To be effective, web applications must perform actions quickly while avoiding unexpected interruptions. However, dynamically linked libraries can cause delays and thus downtime, because dynamically linked code must load multiple files, often from disk. As loading is one of the slowest operations a computer performs, seeking from disk can have a negative impact on performance which causes the server to feel less responsive for users. Dynamically linked code can also break when the underlying library is updated. Normally, when trying to update a server, developers will use test servers. However, if the developer accidentally updates a library in a dynamically linked system, it may be incompatible with another portion of the program.
Even though Secure World can monitor the Normal World, attackers can attempt to bypass the security measures to retain control of a compromised system. CacheKit is a new type of rootkit that exploits such a vulnerability in the ARM architecture to hide in Normal World cache from memory introspection tools running in Secure World by exploiting cache locking mechanisms. If left unchecked, ARM processors that provide hardware assisted cache locking for performance and time-critical applications in real-time and embedded systems would be completely vulnerable to this undetectable and untraceable attack. Therefore, a new approach is needed to ensure the correct use of such mechanisms and prevent malicious code from being hidden in the cache.
CacheLight is a lightweight approach that leverages the TrustZone and Virtualization extensions of the ARM architecture to allow the system to continue to securely provide these hardware facilities to users while preventing attackers from exploiting them. CacheLight restricts the ability to lock the cache to the Secure World of the processor such that the Normal World can still request certain memory to be locked into the cache by the secure operating system (OS) through a Secure Monitor Call (SMC). This grants the secure OS the power to verify and validate the information that will be locked in the requested cache way thereby ensuring that any data that remains in the cache will not be inconsistent with what exists in main memory for inspection. Malicious attempts to hide data can be prevented and recovered for analysis while legitimate requests can still generate valid entries in the cache.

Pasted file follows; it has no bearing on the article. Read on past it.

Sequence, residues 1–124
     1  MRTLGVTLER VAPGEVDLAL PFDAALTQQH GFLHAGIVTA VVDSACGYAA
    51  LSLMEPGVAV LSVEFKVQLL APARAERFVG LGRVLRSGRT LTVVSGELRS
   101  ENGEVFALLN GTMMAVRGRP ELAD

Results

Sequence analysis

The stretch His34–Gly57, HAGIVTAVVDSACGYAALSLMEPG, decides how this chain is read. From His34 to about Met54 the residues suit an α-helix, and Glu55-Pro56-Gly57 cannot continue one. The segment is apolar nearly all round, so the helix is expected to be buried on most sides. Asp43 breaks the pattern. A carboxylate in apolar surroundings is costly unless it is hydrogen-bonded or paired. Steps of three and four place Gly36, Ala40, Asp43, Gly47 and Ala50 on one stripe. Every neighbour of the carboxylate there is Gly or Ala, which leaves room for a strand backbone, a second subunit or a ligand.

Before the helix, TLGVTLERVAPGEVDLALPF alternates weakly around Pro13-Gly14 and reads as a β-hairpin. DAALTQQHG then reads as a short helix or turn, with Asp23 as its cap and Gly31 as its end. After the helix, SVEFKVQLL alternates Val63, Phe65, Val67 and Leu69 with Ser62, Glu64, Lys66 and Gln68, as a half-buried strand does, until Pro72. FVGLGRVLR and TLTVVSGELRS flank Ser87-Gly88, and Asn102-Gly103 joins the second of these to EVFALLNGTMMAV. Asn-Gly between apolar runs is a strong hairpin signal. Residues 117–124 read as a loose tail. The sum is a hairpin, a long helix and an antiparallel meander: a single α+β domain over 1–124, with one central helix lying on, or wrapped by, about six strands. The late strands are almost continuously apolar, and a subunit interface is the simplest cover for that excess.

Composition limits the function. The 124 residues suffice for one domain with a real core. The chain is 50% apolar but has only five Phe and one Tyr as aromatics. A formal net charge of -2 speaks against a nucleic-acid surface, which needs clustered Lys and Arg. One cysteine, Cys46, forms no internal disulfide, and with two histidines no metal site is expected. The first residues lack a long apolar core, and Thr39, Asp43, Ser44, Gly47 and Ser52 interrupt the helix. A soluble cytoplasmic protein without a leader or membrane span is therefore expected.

In this thesis, I identify several vulnerabilities in the widely used critical infrastructures which leverage the NMDA design. Software Defined Networking (SDN), a proponent of NMDA, heavily relies on its datastores to program and manage the network. I base my research on the security challenges put forth by the existing datastore’s design as implemented by the SDN controllers. The vulnerabilities identified in this work have a direct impact on the controllers like OpenDayLight, Open Network Operating System and their proprietary implementations (by CISCO, Ericsson, RedHat, Brocade, Juniper, etc). Using the threat detection methodology, I demonstrate how the NMDA-based implementations are vulnerable to attacks which compromise availability, integrity, and confidentiality of the network. I finally propose defense measures to address the security threats in the existing design and discuss the challenges faced while employing these countermeasures.
Cryptojacking is a process in which a program utilizes a user’s CPU to mine cryptocurrencies unknown to the user. Since cryptojacking is a relatively new problem and its impact is still limited, very little has been done to combat it. Multiple studies have been conducted where a cryptojacking detection system is implemented, but none of these systems have truly solved the problem. This thesis surveys existing studies and provides a classification and evaluation of each detection system with the aim of determining their pros and cons. The result of the evaluation indicates that it might be possible to bypass detection of existing systems by modifying the cryptojacking code. In addition to this classification, I developed an automatic code instrumentation program that replaces specific instructions with functionally similar sequences as a way to show how easy it is to implement simple obfuscation to bypass detection by existing systems.
Fuzzing is currently a thriving research area in the cybersecurity field. This work begins by introducing code that brings partial replayability capabilities to AFL++ in an attempt to solve the challenge of the highly random nature of fuzzing that comes from the large amount of random mutations on input seeds. The code addresses two of the three sources of nondeterminism described in this work. Furthermore, this work introduces Fuzzing Debugger (FDB), a highly configurable framework to facilitate the debugging of fuzzing by interfacing with GDB. Three debugging modes are described which attempt to tackle two use cases of FDB: (1) pinpointing nondeterminism in fuzz runs, therefore paving the way for replayable fuzz runs and (2) systematically finding preferable stopping points seed analysis.